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Gluten-free AND authentic? Chinese dumplings, please.

I'm planning to have my mother over for a multi-course Chinese dinner. She can't eat wheat, , barley or oats.

I have ideas for several GF courses, but if possible, I'd like to add a Chinese dumpling to the menu. Are there any authentic recipes that use rice or tapioca/rice paper? Or any other ideas for authentic rolls, pot-stickers, wontons?

I'm new to Chinese cooking, not new to GF cooking. Any help greatly appreciated.

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  1. The Japanese have a rice flour dumpling (I believe they call it Mitarashi dango - you can Google that and see what you find) but I'm not at all familiar with a Chinese dumpling the uses rice flour exclusively. Some Chinese dumplings include rice flour along with wheat flour but, as far as my experience takes me, nothing that's entirely wheat flour free.
    That said, although it doesn't help with the "authentic" element of what you're looking for, I'm suspect some of the Celiac sites will have something that will work.

    2 Replies
    1. re: todao

      Much appreciated, I will use this idea, if not for this meal, then in the near future. Thank you!

      1. re: todao

        Aren't there SE Asian recipes that use a rice paper, for example Vietnamese spring rolls?

      2. You could use bean curd sheets to make a fried or simmered roll...


        Also might want to try playing with aburage - maybe inari sushi or stuffing them with typical dumpling stuffing?

        2 Replies
        1. re: soypower

          What a great idea, it never occurred to me to use bean curd sheets for egg rolls. :) Have never fried the stuff before, presumably it fries up like tofu? Thank you, soypower.

          1. re: WhatThePho

            It does fry to a nice crisp, though not exactly like a springroll...

            Another authentic dumpling sort of thing is stuffed tofu or stuffed peppers...


        2. There are lots of GF chinese dishes, but no dumplings that I can think of. How about a nice "pasta" dish? Or rice-ovalettes? It's really good! If you want it, let me know.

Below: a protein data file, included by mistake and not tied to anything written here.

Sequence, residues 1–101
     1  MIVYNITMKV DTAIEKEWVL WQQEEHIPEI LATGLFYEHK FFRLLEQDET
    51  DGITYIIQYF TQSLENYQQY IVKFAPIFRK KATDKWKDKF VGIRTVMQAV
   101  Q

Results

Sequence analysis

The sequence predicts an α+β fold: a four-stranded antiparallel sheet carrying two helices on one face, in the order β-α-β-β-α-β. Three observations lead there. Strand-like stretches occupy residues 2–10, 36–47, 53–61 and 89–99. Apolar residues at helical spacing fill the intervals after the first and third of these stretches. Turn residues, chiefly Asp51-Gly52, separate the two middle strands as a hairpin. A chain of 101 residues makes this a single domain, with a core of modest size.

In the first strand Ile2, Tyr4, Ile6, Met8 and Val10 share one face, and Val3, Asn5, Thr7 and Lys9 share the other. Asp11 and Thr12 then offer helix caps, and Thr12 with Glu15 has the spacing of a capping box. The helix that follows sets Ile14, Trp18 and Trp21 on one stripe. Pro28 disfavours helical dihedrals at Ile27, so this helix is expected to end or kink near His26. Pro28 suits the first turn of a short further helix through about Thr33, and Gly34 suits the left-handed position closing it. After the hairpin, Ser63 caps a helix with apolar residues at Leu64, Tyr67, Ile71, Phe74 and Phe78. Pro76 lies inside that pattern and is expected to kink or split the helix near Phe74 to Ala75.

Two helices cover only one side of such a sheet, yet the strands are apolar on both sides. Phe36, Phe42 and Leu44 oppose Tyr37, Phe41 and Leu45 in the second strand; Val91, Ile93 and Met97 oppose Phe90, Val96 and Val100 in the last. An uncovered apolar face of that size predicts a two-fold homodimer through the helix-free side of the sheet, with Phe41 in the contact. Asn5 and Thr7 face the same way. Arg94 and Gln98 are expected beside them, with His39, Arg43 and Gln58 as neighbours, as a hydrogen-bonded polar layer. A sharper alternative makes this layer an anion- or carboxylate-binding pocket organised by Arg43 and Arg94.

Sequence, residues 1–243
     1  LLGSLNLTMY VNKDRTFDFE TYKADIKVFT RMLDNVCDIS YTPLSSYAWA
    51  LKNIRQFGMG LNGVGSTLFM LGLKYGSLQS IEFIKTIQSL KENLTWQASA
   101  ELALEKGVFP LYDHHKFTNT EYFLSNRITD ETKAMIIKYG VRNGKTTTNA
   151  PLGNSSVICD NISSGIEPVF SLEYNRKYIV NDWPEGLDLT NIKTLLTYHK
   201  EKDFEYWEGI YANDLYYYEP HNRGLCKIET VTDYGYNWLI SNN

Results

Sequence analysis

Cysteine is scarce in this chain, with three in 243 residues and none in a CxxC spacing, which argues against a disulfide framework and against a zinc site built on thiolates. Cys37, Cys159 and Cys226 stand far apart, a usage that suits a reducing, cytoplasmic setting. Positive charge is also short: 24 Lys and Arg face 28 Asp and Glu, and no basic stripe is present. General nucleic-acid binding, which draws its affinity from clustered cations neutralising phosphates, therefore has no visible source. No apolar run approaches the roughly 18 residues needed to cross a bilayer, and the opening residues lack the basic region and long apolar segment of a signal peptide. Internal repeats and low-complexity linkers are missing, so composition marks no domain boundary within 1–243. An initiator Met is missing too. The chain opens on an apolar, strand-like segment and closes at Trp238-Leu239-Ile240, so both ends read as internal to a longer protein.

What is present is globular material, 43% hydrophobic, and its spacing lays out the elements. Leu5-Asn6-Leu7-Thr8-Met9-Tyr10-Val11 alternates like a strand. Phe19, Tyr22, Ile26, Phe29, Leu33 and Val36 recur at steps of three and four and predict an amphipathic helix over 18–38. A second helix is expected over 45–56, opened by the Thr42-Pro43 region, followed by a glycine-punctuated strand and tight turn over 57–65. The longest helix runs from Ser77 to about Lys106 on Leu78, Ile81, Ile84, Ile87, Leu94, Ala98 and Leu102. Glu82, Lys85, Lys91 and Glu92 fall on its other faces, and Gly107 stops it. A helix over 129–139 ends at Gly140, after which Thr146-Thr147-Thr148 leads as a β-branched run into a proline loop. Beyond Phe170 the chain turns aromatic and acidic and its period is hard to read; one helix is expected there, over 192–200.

1 Reply
            1. It is possible to make gluten free potsticker/dumpling dough. There is a great recipe here: http://www.heythattastesgood.com/2009...

              This is a great blog in general, and the post I linked to refers to several recipes for dumpling dough. I hope this helps!


              5 Replies
              1. re: zennenn

                Those look delightful! So it can be done...pot-stickers would totally make her day. Thank you for this!

                1. re: WhatThePho

                  But remember... no soy sauce! They almost all have wheat.

                  You'll need to find "Wheat Free Tamari"

                  1. re: Jennalynn

                    that's the easy part :) any decent supermarket will have San-J Wheat-Free Tamari. i don't know what i;d do without it!

                    1. re: goodhealthgourmet

                      oddly enough the major Americanized brand of soy sauce here (La Choy) is wheat-free. There are better brands but we're happy with this one.

                      1. re: WhatThePho

                        La Choy might be gluten free... but it's not a great soy sauce. Soy sauce should be made from soy beans, not hydrolyzed soy protein, corn syrup, and caramel color. I go with the Wheat-Free Tamari. In Los Angeles, which has "decent" supermarkets, it's not everywhere. But it is in every health food place and Whole Foods as well.

              2. If your mother is Celiac then you can use tapioca starch and rice flour blend to make wrappings. I have used a riff on the recipe link to below and it does work, but the dough is pretty fragile. You have to keep working it and you add more flour in as you go. i used a pasta machine and was able to get rather thin rounds that worked best for shu mai. I didn't try frying them, but you could.

                You can also use rice paper or yuba skins.

                If she is just wheat sensitive, then some use wheat starch. Technically it is GF (used in GF products in Europe). You can get it at Asian groceries, but I don't trust that it is entirely GF for my Celiac son and I. If you can get your hands on Codex approved wheat starch, then that would be useful:


                1. I saw a wonderful Ruth Reich show on create the other day. She was in a small area of China with its own culinary culture. Not being a wheat producing area, they made dumplings that i am dying to try. They made a standard pork/veggie/seasoning mixture, and spooned it into the hot wok with oil. While that cooked, they quickly whisked some eggs, moved the pork up the side, put about a tablespoon of the egg into the oil, flattening it with the spatula and as it just set, put a pork ball in the middle and folded. Then this went up the side of the wok to finish cooking while they started the next egg wrapper.

                  Wow, lots of words, but gosh did it look wonderful and was certainly gluten free.

                  Found the recipe.. it was actually chicken: http://www.gourmet.com/recipes/advent...

                  1 Reply
                  1. re: smtucker

                    I get a craving for dumplings with egg wrappings from time to time, especially back when dumpling wrappings didn't taste too good in general.

                    There's also a Cantonese deep fried dumplings with the wrapper made from sticky rice flour and a little bit of starch. Here's a link to a Chinese website with step by step pictures. It's called 咸水角 (xian2 shui3 jiao3) and can be found in most Cantonese bakeries and dim sum places.